Posted by kohsuke
on May 5, 2006 at 1:59 PM PDT
I just posted Hudson 1.28. Today I'm going to recap what's been happening to Hudson since my last blog, which was about 1.19.
I just posted Hudson 1.28 .
My group uses Hudson for all sorts of projects now, in particular testing. Thus many recent improvements to Hudson is in this area.
- Build status used to be just "success" or "failure". A new state "unstable" is introduced to indicate that a build was OK but tests failed. Hudson got a bit more colorful :-)
- Test results are displayed inside Hudson, with sortable tables and URLs that persists across test runs. For example, if you bookmark a particular test failure in the last successful build, and Hudson runs a new build, then your bookmark will still point to that particular test in the last successful build.
- Test results are now plotted into a chart, allowing you to see a trend in the test result. For example, in the picture below you can see that there were two serious regressions.
Since Hudson supports distributed builds now, another area of improvements is the utilization of nodes and scheduling. For example, the performance team wanted to run tests in Hudson, and when running performance tests, you have to make sure that it runs on the same machine (for trend tracking), and it needs to be the only thing that runs on that machine. So Hudson can now allocate a certain slave node exclusively for certain set of jobs.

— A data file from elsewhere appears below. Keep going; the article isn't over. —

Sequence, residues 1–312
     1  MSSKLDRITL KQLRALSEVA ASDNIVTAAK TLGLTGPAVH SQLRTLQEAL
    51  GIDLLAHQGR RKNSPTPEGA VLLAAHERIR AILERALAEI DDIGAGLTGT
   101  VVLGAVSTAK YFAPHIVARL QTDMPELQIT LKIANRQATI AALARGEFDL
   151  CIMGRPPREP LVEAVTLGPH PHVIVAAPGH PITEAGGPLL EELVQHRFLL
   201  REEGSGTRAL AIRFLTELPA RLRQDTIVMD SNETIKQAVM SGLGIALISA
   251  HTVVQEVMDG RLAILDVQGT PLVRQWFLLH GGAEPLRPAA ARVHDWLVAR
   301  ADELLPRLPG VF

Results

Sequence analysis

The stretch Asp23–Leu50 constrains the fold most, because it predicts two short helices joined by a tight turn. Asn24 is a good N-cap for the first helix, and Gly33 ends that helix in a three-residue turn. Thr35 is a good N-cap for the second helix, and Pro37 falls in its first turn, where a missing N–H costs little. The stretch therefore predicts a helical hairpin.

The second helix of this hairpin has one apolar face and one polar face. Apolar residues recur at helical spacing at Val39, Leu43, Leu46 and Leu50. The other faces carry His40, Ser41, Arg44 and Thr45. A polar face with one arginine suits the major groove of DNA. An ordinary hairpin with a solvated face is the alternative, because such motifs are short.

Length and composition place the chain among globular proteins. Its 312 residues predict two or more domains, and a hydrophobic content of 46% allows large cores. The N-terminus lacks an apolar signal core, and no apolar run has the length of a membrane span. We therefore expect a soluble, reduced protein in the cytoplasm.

Yet another area of improvements is the fingerprint support. We have a large number of interdependent projects on Hudson, and those projects integrate their dependencies from Hudson. So, for example, when a JAXB related bug is reported in JAX-WSA build #123, we need to know which build of JAXB went into this. Or when our continuous JAXB-head/JAXWS-head testing #46 reports regresions, we need to know which JAXB build and JAX-WS build are used for that.
The fingerprinting feature is where Hudson records MD5 sums of "important" files, such as jar files. This allows Hudson to keep track of where a particular jar is used and when, so from this information Hudson can figure out how jars propagate from projects to projects, builds to tests, etc. Wanna now which build of SJSXP is used in JAXB #3533? No problem. What's the SQE test result for JAX-WS #1150? No problem at all.
I'm still working on how to best present this information, but this is already starting to be very useful.
Thanks to my colleagues who are eating the dogfood for me everyday :-), Hudson is improving rapidly. I hope you find it useful, too.